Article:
That tends to ring true with almost everything in my life. I don’t want to be the perfect mother…way too much pressure in that. I want to be a fun mom. That doesn’t mean I’m a pushover who lets my child run wild and unsupervised. That doesn’t mean I’m not checking up on her regularly. Our daughter is generally well-supervised, and we have a great relationship. We talk…and we talk…and we talk. But I remember fifteen, and I know fun is a lot more…well, fun. Do I strive for perfection as a mother? No. Perfection? That’s just not my strength.

Our vacations are fun. Are they perfect? Well, if they’re fun, they’re perfect for us! Do we visit every perfect museum tourists are supposed to visit when they go somewhere? Nah…we might visit one or two, but my teenager just isn’t impressed by museums. She’s impressed by fun places. She is her mother’s daughter. It doesn’t make us shallow. It’s just a different approach. I try to make sure we get a little culture on vacation, but we always want to have fun. Visit the hometown of John Mellencamp and try to find Jack and Diane’s Tastee Freeze when we’re passing through Indiana? Yep. Plan our dinners in LA and New York based on where we are likely to see a celebrity or two? Sure! Have lunch at places with gigantic mojitos and milkshakes? You bet! Struggle through a rock scramble and finish it by climbing straight up 60 feet and pulling myself out of a rocky crevice? Done that! Jump into a bioluminescent bay at night, not having any idea what the water around me looks like? Yes, I did. Climb a waterfall, including wading through murky chest-deep water? Check! Drive halfway across the country in 10 days with a friend and four kids? Yes…and we slept in a wigwam along the way! Volunteer to eat fire with the entertainment on stage? Pick me, please!

And so, I guess that’s why I go the fun route on Christmas. Maybe my love of the fun Christmas started when I was a little girl and my grandparents had aluminum Christmas trees with color wheels! I absolutely loved them…I was fascinated by them! Sure, I could be all serious now, but that’s just not who I am. I simply don’t take myself or life too seriously. My parents taught me many years ago that life is short. I remember Mother and Daddy telling me, “Life is not a dress rehearsal. Enjoy it.” And that’s exactly what I try to do…enjoy life.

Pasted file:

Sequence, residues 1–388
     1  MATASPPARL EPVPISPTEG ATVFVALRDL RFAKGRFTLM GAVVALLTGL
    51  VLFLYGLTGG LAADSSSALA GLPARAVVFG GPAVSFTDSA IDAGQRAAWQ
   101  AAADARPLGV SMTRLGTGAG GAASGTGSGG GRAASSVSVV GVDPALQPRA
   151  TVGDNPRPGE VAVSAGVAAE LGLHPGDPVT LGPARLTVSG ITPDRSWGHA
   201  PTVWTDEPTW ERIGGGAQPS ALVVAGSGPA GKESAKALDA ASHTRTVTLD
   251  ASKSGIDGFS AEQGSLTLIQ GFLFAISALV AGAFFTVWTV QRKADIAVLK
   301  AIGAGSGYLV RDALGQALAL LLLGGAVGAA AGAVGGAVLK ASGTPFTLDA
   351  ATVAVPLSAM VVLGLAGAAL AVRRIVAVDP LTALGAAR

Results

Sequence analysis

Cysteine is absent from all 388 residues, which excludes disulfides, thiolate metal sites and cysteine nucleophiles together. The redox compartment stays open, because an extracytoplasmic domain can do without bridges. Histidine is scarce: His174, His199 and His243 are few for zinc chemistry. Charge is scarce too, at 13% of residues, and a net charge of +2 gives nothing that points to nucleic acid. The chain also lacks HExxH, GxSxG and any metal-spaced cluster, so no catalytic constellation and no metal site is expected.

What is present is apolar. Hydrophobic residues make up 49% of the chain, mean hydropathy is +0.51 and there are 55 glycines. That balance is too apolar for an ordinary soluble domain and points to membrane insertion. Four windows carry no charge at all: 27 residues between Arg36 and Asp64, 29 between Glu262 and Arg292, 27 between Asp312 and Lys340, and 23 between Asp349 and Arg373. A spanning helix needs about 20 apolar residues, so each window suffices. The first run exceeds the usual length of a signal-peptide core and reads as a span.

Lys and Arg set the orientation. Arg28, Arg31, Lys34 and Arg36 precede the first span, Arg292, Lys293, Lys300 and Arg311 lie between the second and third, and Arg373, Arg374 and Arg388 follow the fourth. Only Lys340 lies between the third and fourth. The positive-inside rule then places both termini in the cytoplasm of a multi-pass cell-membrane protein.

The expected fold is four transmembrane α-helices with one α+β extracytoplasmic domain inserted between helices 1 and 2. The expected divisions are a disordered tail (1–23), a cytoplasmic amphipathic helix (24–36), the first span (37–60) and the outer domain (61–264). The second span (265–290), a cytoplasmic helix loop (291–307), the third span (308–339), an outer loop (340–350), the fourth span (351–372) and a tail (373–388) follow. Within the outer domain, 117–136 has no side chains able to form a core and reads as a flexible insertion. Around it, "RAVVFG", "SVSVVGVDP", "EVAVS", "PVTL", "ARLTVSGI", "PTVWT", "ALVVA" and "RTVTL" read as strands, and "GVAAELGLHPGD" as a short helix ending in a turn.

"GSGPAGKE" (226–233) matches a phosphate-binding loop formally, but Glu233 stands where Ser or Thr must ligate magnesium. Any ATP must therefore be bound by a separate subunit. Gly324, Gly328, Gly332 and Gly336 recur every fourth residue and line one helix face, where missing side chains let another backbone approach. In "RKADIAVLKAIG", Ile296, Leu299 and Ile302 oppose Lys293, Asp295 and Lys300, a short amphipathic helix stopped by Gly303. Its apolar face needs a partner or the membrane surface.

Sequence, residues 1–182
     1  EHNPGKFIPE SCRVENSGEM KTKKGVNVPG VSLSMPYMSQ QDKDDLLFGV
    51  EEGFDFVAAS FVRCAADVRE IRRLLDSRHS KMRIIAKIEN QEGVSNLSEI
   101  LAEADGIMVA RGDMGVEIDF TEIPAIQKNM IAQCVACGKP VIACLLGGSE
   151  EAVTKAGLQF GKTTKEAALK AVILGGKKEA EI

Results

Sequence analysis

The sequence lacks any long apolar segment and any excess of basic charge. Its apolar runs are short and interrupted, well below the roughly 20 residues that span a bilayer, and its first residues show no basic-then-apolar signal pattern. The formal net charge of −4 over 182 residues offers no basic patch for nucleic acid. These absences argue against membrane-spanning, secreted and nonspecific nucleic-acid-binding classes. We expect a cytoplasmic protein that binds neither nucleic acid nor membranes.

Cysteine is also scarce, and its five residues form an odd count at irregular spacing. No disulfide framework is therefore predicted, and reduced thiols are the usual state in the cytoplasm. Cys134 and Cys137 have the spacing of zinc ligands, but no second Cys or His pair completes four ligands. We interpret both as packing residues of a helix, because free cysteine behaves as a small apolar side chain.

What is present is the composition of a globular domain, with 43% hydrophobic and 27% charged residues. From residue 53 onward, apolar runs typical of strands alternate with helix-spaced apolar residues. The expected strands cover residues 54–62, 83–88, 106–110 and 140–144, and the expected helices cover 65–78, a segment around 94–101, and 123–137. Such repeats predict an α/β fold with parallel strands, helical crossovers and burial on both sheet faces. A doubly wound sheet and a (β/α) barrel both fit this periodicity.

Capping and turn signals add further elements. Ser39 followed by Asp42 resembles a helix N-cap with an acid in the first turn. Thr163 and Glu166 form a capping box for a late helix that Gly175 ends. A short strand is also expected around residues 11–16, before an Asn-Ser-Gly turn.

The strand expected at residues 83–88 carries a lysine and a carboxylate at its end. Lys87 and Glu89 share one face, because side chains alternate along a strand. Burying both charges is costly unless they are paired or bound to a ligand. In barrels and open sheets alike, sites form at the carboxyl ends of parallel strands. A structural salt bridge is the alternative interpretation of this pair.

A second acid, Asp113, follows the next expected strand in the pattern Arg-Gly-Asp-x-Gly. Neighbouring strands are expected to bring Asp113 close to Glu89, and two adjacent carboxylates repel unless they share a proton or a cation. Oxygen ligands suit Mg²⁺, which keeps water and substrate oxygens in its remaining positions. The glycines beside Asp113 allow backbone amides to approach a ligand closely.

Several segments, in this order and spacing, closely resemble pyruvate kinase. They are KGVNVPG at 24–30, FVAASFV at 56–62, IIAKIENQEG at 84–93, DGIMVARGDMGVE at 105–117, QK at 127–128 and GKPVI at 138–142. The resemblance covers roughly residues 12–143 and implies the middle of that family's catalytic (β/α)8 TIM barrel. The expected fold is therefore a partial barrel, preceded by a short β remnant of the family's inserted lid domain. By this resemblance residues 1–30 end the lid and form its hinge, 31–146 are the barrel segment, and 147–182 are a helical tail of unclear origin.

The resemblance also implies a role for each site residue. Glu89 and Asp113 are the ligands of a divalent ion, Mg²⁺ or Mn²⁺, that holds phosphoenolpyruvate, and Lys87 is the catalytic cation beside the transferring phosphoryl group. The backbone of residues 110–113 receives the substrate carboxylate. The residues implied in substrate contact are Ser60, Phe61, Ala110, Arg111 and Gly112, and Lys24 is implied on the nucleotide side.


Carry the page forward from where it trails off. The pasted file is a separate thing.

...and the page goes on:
If I’m leading a meeting of volunteers, there will be prizes at the end. Passing through a city with a great rollercoaster at a great amusement park? I’m in! Silly photo op somewhere? Get your camera!

So, if you want to drive past the perfect Christmas house, don’t drive past ours. If you want to see the perfect Christmas tree, chances are you won’t like ours. If you want to eat the perfect holiday meal, our house is not where you want to be.

But if you want to take photos with a leg lamp from A Christmas Story, come on over! If you want to see a 10.5′ inflatable Christmas elephant, visit us! If you want to dine on hamburgers, hot dogs, Cuban sandwiches, beer bread, spicy fiesta dip, buttermilk pie, and other fun food during the holidays, we’ll be happy to set a place for you. If you want to drink champagne with breakfast, drink up, baby! If you want to see our “perfect” artificial poinsettias, then we’d love to have you over. If you want to play card games on Christmas Eve or “Who’s Most Likely To…” on Christmas Day, you’re welcome at our house. Just bring a positive attitude and be ready to laugh.

Perfection is not my strength, but fun is!

 

 

 

Let’s Talk About Santa Claus

A friend recently posted on Facebook, “When is the right time to tell my kids about Santa?” She has two children under ten. Almost every person who responded said not to tell any child EVER that there is no Santa. Unless your child is about to be embarrassed by peers because he/she still believes in Santa, I agree.